“New year, new me!” That seems to be the mantra once January rolls around, with many people promising to make this their best year yet and resolving to ditch their old ways. When it comes to resolutions, weight loss is often at the top of the list. You may have heard some of your friends declare that they’re jumpstarting their weight-loss efforts with a “detox” or a “juice cleanse.”

If you’re wondering about the difference between a detox and a cleanse, and are thinking about trying it out for yourself, read on. 

What Does “Detox” Mean?

First things first: The human body is a well-oiled machine that is very adept at detoxifying itself. Harvard Health Publishing enumerates how the different organs efficiently eliminates toxic substances: Our skin is our first line of defense against bacteria, viruses, and other harmful substances; we have fine nose hairs to trap larger bits of dirt and mucus to get rid of smaller bits that make it into our lungs; we have an immune system that protects us from attack; our kidneys filter waste out of our bodies; and our liver is the superstar detoxifier, acting as the body’s main filter.

The terms “detox” and “cleanse” are often used interchangeably to mean getting rid of excess “toxins” (harmful substances). The detoxification and cleansing movement is built on the premise that we are ingesting too many toxins from food and from the environment that our body can’t efficiently process and get rid of them.

But there is so far no scientific proof that this is true—one clue is that toxins are often referred to in vague marketing terms and are not specifically named by people looking to make a quick buck from detox diets and cleanses.

Resetting Your Body

That being said, there is a way to help your body more efficiently cleanse itself. Instead of relying on a magic pill or trendy diet to help you flush out harmful substances, you can simply live a healthier lifestyle. Try the following tips:

1. Ditch the unhealthy stuff! Cut out processed and fried foods, sugar, and other things that can irritate your gut and cause inflammation. (Inflammation is a big no-no as it’s at the root of many other health issues.) These irritants are more taxing on your body as they make your system work harder to process them and flush out toxins.

2. …and load up on the good stuff. Think of it more as a lifestyle change than a temporary diet. Overhaul your meals and make sure to include lots of fruits, vegetables, grains, lean protein, and healthy fat.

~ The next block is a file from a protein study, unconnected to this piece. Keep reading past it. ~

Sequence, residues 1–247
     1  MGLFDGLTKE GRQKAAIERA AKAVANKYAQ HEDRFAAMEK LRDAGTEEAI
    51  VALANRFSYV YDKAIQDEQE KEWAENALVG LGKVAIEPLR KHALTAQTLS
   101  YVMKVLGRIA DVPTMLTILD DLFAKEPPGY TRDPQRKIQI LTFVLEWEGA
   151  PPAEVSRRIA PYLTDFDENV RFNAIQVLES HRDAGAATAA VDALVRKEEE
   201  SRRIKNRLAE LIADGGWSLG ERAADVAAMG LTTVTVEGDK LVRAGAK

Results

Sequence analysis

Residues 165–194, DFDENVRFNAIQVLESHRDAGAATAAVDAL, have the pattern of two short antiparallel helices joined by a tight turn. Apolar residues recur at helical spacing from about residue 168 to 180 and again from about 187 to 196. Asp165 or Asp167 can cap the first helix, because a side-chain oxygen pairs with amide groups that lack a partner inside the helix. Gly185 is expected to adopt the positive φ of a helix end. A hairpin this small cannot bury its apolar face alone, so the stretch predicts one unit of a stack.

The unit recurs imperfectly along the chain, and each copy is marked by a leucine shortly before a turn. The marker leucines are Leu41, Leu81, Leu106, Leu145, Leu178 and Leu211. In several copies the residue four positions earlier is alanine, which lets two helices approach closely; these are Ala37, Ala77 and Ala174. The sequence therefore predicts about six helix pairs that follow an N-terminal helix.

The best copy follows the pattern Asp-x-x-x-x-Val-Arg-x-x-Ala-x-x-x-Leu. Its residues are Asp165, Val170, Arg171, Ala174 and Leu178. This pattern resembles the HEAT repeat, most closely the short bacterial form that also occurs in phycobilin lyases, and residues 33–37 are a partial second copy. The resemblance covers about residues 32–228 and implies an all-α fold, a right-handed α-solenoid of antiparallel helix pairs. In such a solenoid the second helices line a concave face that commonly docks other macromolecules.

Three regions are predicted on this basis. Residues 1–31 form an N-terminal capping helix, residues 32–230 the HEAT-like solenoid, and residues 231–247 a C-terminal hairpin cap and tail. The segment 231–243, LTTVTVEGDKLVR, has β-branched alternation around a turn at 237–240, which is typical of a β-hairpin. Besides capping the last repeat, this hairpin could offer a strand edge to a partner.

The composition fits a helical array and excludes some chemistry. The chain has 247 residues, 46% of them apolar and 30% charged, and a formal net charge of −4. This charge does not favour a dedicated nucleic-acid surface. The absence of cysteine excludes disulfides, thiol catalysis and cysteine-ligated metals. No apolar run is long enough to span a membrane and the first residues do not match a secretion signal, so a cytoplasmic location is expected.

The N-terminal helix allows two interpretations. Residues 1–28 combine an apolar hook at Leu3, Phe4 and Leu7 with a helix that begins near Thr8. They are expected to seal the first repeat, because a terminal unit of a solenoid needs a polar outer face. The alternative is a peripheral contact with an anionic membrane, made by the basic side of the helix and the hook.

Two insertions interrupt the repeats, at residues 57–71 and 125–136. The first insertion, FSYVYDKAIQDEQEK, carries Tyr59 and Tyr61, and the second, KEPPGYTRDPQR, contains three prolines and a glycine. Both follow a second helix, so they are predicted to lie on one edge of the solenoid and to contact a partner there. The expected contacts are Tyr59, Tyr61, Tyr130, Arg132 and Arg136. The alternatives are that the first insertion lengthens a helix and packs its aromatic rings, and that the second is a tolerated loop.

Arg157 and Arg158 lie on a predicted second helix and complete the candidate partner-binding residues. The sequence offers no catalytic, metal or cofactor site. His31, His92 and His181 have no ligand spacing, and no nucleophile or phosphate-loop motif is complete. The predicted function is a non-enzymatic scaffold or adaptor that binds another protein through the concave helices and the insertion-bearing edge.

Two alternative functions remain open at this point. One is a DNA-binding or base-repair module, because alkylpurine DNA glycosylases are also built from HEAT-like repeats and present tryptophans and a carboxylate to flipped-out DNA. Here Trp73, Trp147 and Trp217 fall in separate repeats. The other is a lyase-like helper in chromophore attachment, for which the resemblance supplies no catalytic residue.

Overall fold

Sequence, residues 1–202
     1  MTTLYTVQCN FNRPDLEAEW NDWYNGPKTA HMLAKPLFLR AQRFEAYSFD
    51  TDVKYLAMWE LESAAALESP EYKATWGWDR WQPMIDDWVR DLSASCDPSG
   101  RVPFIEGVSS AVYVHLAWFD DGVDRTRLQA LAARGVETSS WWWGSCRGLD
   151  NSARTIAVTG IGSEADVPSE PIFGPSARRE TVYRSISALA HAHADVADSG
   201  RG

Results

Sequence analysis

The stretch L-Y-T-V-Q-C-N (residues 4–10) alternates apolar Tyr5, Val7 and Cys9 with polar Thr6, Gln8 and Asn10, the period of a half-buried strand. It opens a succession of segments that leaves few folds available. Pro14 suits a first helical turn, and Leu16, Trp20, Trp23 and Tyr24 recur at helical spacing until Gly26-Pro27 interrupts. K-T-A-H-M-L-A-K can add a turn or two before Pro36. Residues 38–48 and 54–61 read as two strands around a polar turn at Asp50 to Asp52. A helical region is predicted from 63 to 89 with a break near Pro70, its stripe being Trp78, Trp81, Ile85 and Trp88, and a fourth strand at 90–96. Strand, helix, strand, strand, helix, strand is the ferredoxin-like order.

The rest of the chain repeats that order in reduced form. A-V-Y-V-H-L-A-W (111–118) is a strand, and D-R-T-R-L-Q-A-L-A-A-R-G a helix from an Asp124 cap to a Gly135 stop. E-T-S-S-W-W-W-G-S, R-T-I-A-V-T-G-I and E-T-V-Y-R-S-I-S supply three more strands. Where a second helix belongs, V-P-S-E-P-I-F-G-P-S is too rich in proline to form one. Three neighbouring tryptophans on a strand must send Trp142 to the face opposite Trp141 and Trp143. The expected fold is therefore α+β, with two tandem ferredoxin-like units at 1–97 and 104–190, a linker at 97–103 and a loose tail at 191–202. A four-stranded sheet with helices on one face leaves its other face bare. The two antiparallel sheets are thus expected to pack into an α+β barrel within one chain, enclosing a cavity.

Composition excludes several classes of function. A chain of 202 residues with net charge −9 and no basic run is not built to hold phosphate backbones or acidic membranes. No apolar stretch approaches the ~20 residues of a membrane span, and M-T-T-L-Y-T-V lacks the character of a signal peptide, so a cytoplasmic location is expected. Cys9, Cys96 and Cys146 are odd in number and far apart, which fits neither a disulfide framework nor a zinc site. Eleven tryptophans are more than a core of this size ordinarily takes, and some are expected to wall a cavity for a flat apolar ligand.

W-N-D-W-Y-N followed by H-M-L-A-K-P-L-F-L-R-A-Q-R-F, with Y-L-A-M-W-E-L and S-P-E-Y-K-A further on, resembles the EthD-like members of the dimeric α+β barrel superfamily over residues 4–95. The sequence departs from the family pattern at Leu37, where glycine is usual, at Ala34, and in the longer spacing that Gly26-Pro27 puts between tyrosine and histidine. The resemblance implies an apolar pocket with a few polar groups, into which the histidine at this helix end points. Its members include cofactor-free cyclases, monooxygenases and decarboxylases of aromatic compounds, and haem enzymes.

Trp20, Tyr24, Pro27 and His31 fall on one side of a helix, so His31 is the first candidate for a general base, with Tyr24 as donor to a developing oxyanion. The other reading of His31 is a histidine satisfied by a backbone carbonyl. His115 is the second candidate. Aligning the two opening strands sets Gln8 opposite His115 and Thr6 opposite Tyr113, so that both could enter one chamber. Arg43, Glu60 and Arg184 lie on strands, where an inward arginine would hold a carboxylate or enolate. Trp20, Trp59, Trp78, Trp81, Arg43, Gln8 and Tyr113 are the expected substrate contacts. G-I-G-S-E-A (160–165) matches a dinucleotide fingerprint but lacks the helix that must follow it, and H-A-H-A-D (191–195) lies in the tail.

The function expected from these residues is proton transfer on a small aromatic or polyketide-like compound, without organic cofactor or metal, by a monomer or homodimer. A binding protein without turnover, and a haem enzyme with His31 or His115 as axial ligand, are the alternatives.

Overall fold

3. Drink up! Get your recommended eight glasses of water a day to help your kidney flush out waste. While you’re at it, consider adding some fresh lemon to a glass of warm water to start your day. Experts say lemon juice has electrolytes that aid in digestion and can encourage your liver to get rid of harmful substances. That shot of Vitamin C is also great for your immune system.

4. Hit the yoga mat. Some twisting yoga poses are said to help your body get rid of toxins. Makes sense: If you’re stuck doing the same poses every day (seated on a chair at work for hours on end, for example), you may end up scrunching up some of your organs. By twisting and lengthening, you may stimulate digestion and loosen the kinks and clogs around your body.

5. Exfoliate. Slough off dead skin cells and stimulate circulation by giving your body a scrub a couple of times a week.

6. Sip some tea. Tea may help enhance organ function but take note that it can only do so much for your health—you first have to make sure that your diet is healthy before it can do its job.

Also, those powdered teas don’t count! They contain loads of sugar and are processed beyond recognition. Go for teas that contain dandelion, which aids liver function; ginger, which reduces inflammation and helps control blood sugar; and chamomile, which is calming. (Visit Healthy Options for a range of teas that can help you detox.)

Interested in trying detox teas? Be sure to consult your doctor before trying anything with unfamiliar ingredients and take care not to abuse those that contain laxatives that may lead to dehydration.